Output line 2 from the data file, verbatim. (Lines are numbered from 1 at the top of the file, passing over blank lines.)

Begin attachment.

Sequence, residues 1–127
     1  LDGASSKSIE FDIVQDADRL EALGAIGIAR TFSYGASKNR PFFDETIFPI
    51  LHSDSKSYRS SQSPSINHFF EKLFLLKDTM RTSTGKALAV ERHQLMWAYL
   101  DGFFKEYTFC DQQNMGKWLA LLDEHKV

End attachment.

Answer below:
     1  LDGASSKSIE FDIVQDADRL EALGAIGIAR TFSYGASKNR PFFDETIFPI